July 17, 2012
Medical Director says hospital stuck with homeless man until next-of-kin ready to house him

The man with broken legs who Milton Cato Memorial Hospital (MCMH) staff returned to an abandoned building on July 7, no longer needs hospitalization, MCMH Medical Director Dr Simone Keizer told SEARCHLIGHT yesterday.{{more}}

Keizer said the hospital, this country’s premier healthcare facility, is accommodating Elvis Browne, 46, of Redemption Sharpes, until his next-of-kin is ready to house him.

She, however, said non-medical personnel could provide the care he now needs.

Police yesterday confirmed to SEARCHLIGHT that they shot Browne on June 26, near the post office in Kingstown, but did not comment further because of ongoing investigations.

Browne was admitted to hospital June 26 and discharged on July 7, when he asked hospital staff to take him back to the abandoned building.

Keizer said that normally patients leave on their own, after being discharged.

Browne, however, needed transportation, since his legs were in casts.

He told hospital staff that he was living near the post office. “Is I who tell them take me back there,” he told SEARCHLIGHT yesterday at the MCMH.

Information reaching SEARCHLIGHT suggests that hospital staff did not know the circumstances in which Browne lived, when they transported him to the building requested.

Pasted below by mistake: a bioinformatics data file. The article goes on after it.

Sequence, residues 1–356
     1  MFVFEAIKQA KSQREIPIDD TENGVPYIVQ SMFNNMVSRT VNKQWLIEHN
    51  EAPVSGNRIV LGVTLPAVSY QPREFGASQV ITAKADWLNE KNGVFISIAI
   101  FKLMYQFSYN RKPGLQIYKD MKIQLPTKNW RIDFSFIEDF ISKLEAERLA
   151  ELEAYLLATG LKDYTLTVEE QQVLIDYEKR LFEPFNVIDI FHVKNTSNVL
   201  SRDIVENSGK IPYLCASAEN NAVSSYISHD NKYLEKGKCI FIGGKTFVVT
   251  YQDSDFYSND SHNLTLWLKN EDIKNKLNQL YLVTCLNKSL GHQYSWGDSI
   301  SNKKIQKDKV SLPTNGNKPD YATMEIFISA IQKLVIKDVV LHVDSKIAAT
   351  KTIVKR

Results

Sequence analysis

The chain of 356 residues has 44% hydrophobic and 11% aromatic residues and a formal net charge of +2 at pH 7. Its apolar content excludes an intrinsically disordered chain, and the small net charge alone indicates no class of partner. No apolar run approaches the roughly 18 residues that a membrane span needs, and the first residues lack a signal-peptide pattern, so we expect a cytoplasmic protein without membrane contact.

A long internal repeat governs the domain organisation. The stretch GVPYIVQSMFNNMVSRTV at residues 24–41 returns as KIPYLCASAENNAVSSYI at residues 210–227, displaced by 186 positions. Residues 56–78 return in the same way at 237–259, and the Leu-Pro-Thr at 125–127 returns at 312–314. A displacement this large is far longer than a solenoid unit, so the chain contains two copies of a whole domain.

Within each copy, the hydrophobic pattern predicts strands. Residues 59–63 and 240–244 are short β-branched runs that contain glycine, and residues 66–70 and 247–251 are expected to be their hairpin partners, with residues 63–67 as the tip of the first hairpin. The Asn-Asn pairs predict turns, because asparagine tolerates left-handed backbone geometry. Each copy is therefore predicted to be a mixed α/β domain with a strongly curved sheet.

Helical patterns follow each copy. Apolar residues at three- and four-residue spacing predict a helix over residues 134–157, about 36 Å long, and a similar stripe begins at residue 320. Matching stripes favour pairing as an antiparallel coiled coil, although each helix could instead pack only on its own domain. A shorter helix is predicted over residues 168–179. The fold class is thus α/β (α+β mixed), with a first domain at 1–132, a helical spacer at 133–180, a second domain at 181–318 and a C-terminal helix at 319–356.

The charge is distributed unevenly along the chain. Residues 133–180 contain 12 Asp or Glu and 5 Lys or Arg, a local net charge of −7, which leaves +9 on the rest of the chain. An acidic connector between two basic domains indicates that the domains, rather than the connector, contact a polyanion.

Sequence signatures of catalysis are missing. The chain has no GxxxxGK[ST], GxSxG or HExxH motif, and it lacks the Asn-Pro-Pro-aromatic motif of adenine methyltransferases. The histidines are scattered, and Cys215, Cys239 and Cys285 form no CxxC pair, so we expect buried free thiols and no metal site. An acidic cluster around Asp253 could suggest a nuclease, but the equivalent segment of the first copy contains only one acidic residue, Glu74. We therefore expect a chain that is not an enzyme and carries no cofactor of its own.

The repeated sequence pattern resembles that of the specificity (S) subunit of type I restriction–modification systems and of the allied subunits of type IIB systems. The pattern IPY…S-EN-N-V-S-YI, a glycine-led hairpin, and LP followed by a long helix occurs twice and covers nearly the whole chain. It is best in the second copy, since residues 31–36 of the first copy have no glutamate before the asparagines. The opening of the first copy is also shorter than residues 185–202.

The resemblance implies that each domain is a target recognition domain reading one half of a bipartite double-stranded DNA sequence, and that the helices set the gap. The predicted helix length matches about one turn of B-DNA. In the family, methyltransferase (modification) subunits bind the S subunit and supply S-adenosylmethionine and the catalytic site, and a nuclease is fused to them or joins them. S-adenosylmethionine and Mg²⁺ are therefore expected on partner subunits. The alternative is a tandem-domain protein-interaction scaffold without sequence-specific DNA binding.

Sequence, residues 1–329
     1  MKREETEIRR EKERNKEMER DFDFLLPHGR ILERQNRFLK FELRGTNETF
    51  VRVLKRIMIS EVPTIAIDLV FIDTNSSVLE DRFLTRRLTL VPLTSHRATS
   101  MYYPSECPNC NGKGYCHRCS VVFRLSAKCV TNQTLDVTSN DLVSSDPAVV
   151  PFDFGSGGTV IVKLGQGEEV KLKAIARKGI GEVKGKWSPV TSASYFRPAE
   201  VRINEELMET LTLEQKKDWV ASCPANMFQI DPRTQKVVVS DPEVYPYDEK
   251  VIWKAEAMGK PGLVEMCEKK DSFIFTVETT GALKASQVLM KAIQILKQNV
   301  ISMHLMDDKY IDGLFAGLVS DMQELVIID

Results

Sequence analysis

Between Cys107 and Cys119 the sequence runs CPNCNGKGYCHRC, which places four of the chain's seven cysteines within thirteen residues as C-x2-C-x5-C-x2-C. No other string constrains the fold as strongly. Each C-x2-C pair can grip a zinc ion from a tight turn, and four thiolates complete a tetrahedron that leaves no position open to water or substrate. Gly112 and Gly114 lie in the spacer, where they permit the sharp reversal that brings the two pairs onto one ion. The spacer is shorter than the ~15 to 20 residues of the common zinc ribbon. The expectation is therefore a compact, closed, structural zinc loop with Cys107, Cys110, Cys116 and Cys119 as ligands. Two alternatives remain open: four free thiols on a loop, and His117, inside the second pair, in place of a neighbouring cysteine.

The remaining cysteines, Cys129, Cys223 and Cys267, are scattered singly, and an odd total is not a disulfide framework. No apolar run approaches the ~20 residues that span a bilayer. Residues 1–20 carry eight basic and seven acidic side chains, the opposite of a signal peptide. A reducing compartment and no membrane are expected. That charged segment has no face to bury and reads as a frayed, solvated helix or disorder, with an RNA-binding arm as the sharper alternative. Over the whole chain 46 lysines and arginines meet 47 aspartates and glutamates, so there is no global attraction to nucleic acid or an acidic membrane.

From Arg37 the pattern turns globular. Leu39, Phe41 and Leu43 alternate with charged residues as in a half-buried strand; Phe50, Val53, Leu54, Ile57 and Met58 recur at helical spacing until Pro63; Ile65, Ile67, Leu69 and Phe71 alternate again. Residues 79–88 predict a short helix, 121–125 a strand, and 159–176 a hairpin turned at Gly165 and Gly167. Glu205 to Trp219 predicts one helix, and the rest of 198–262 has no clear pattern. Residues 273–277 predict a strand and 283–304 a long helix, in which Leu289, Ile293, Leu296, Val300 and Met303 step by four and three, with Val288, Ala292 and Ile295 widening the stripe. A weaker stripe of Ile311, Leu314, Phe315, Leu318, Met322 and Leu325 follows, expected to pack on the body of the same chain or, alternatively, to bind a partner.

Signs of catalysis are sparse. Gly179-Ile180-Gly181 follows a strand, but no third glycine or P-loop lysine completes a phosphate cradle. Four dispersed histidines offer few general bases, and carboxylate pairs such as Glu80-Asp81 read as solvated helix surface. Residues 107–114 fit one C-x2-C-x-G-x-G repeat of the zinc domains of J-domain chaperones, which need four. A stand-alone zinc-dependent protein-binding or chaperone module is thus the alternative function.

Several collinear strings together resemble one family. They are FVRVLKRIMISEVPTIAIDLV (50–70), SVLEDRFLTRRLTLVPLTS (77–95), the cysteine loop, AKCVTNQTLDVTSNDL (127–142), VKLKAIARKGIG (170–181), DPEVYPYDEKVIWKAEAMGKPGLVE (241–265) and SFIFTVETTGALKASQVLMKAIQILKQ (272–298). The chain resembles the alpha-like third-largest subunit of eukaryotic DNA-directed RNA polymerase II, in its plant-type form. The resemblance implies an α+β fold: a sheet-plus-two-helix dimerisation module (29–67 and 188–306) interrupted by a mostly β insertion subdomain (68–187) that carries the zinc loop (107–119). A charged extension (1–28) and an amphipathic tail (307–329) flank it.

But Browne said the “old, abandoned building” is his “home”.

In the meantime, he is occupying an “acute bed” at the hospital.

Keizer explained that the patients are sometimes abandoned at the hospital.

And with the Lewis Punnett Home, a facility for the indigent poor, being full, Keizer said that Browne is occupying a bed at the Male Surgical Ward that could be needed by an accident victim.

Keizer further explained that competent medical personnel assessed Browne on Thursday and decided that he only needed his cast changed.

But the hospital accommodated him Thursday night so that he could visit the Kingstown Clinic near the hospital Friday morning.

The hospital further accommodated him on Friday to allow his next-of-kin to prepare to accommodate him.

He was still in hospital midday yesterday.

“But we can’t throw him out,” Keizer told SEARCHLIGHT.

Asked what would happen if no one comes to take the sick man home, Keizer said “Then we are stuck with him and that is not fair.” (KXC)